A kid and a teen
One is 11 years old. The other 17 years old.
A broken safety net.
Two lives changed forever.
One is dead. The other faces the distinct possibility of being caged for the rest of his life.
It’s a tragedy.
No doubt about it.
People want answers.
But they will mostly get questions.
Why do adults think it is OK to allow minors to drink?
Why does anyone leave a loaded gun lying around a home that’s easily accessible?
Why wasn’t Children’s Protection Services more vigilant?
Why does an adult drop off an 11-year-old at a party and not check it out?
Why are we afraid to get involved?
How does an 11-year-old go undetected, basically fending for himself for food and shelter?
How can a “flop house” for teens be allowed?
How can we help kids be kids?
How can an 11-year-old be allowed to write off school?
How many more Hunters and Zachs are out there?
Do we really care?
Do we have the heart to try and save them?
Do we find it easier to ignore them?
Were there warning signs law enforcement and schools ignored?
Were neighbors and other relatives diligent enough?
Were we, as a community, culpable in some manner?
If we had more police officers could it reduce the number of teens and kids wandering the streets at midnight?
If we see a kid in trouble do we fear getting involved?
If more of us volunteered and gave of our time to help mentor kids would that help?
What does the life and death of the Hunters of this world say about us?
What good can come of this?
What kind of quality of life will Zachary have?
What responsible adult leaves teens to their own devices while allowing them to have alcohol?
What does this say about us?
When did adults stop acting like adults?
When will we, as a community, say enough is enough?
When will we tire of young people throwing their lives away?
When will we realize kids and teens need boundaries and when will we enforce them?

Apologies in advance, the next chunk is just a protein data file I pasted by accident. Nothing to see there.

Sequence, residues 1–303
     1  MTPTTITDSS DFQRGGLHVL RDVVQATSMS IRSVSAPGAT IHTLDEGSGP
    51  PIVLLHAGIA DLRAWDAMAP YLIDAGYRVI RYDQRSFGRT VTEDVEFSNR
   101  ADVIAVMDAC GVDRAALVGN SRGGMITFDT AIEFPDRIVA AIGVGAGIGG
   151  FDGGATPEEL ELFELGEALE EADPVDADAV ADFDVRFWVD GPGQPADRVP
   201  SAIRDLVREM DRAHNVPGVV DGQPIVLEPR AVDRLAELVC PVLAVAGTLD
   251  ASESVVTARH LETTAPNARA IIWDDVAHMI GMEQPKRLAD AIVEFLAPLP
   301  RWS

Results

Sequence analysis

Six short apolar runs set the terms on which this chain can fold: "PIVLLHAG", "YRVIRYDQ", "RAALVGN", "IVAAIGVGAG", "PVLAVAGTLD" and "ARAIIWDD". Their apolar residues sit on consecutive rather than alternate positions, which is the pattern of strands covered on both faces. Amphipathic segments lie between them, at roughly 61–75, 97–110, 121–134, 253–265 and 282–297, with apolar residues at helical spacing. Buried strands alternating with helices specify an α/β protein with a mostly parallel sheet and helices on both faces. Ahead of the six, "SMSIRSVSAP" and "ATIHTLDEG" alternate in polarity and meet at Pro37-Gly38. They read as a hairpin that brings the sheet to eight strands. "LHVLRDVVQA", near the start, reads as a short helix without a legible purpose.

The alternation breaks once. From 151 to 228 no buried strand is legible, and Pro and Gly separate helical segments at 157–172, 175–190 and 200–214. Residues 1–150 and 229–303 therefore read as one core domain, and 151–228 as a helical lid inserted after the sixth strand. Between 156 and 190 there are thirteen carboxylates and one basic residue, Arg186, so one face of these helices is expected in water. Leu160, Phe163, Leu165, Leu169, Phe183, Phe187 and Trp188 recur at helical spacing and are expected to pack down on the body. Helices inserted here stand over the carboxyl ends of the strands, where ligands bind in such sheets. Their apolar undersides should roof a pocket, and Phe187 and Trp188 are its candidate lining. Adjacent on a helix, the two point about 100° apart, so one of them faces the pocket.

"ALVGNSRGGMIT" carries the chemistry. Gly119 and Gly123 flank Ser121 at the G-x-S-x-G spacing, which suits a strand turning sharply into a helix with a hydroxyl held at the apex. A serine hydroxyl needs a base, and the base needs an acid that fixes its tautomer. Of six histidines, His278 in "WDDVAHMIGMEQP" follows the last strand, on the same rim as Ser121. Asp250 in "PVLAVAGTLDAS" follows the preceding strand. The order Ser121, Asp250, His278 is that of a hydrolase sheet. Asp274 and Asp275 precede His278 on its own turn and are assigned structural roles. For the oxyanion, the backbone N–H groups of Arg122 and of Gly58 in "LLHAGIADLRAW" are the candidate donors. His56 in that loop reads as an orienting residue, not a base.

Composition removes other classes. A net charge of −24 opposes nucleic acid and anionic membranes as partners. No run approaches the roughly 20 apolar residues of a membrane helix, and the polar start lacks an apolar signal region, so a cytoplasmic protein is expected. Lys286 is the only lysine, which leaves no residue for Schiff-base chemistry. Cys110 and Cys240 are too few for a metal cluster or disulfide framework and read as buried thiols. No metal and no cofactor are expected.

When will we stop saying we don’t have enough time to help?
Will we even remember let alone care six months from now?
Will we redouble our effort as a community to mentor and guide youth?
Will we give organizations that exist to help kids the resources they need to help more kids?
Will we dismiss this as a tragedy that couldn’t have been avoided?
Will we soul search or just feed off the chatter in the aftermath of the unthinkable?
Will we simply say such tragedies are unavoidable and go on our way?
Will we shrug our shoulders and say, “Oh well, it wasn’t my kid or grandkid”?
Have we become numb and therefore accept kids killing kids?
Have we done everything possible as a community to help struggling kids?
Is it possible if we help the most vulnerable we all become stronger as a community?
Is this the new norm?
Is saying that just a cop out?
Can we open our hearts?
Can we find a way to help?
Can we stop thinking this is somehow the responsibility of government alone?
Can we get out of our comfort zones to help kids?
Can we intercede on behalf of other struggling kids?
Can we stop the abuse?
Can we make a difference?
Will we make a difference?
And most important of all, will we even try to make a difference?
This column is the opinion of Dennis Wyatt and does not necessarily represent the opinion of The Journal or Morris Newspaper Corp. of CA. He can be contacted at email@example.com or 209.249.3519.